For me, what’s most enjoyable about Gomer Goof is Franquin’s deliciously detailed drawing. The panels are chock-full of manic movement, dramatic expressions and little extras that the page pulses with life. Franquin’s an extraordinary cartoonist and made more interesting in that he writes the tales too. Each page is a self-contained comedy sketch, building to a punchline, typically at Gomer’s expense.
Gomer’s a wonderful comic creation, a contradictory character who embodies extreme laziness with an extraordinary ability to devise and build fantastic machines that suggest the complete opposite of his slothful existence. The fact the inventions rarely work, or the consequences of them are never foreseen, perhaps hint at his lethargic persona.
Understandably, there’s not much of a plot to speak of but plenty of running gags concerning items and scenarios, sometimes building to a crescendo across several pages as the situation gets steadily more absurd. Gomer has his signature quirks and to an extent even a catchphrase in “Wha-huh?!”. Ingenious set-ups include the purchase and mounting of a wonderful cuckoo clock on the wall. Gomer wants to repaint the cuckoo but doesn’t want to disassemble the clock, so every hour he poses on a stool in an attempt to add another dab of paint when the bird appears. There’s also a brilliant invisible man gag well worth the cover price alone.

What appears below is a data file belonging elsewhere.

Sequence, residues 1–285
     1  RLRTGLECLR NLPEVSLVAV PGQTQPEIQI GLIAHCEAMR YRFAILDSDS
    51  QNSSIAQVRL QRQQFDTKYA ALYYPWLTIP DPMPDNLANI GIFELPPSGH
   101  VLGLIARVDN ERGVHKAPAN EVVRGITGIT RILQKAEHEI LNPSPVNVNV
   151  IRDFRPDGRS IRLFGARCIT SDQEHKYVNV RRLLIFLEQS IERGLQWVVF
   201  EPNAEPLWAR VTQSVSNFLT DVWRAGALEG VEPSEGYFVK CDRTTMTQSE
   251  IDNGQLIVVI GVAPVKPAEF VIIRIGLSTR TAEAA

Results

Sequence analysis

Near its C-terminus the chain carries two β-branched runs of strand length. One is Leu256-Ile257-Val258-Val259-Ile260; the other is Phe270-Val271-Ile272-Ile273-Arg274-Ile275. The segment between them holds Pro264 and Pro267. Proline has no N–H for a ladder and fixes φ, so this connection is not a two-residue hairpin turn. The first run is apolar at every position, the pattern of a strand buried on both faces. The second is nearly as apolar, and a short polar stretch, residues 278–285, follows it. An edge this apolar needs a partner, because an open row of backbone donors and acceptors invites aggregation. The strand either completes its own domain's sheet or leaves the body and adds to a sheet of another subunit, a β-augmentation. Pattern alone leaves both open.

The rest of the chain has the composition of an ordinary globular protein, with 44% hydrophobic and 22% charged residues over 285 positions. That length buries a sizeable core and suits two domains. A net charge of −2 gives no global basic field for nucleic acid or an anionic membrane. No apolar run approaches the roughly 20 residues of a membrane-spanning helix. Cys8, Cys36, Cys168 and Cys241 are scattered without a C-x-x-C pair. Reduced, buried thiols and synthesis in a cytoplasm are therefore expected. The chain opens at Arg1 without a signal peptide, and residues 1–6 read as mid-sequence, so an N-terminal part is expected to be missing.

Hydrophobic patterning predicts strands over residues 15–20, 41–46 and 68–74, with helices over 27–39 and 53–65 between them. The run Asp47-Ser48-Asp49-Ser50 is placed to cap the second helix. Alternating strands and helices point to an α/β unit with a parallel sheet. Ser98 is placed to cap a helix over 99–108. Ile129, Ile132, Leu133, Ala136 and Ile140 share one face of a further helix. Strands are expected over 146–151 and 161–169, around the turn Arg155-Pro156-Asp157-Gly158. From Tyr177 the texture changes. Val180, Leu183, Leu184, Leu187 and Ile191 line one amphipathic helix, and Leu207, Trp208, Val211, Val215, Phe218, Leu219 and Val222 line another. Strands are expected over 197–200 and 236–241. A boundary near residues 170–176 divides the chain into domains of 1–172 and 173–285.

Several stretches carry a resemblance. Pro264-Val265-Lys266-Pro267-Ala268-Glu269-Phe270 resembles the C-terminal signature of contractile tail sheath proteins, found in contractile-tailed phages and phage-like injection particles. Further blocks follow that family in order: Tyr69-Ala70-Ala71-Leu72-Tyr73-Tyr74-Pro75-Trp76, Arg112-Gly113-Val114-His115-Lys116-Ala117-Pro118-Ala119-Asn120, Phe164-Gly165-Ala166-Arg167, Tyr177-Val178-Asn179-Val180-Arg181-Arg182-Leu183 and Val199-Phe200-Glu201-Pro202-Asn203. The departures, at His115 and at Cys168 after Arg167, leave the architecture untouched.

You might also want to keep an eye on the posters and pictures hanging around the office. A few familiar faces pop up.
If you’ve not discovered Gomer Goof yet then I’d suggest you give him a try. He’s a loveable if hopeless individual forever destined to get it wrong. Funny stuff. For my money he’s a first-rate comic creation.
And if you liked that: You should try Spirou and Fantasio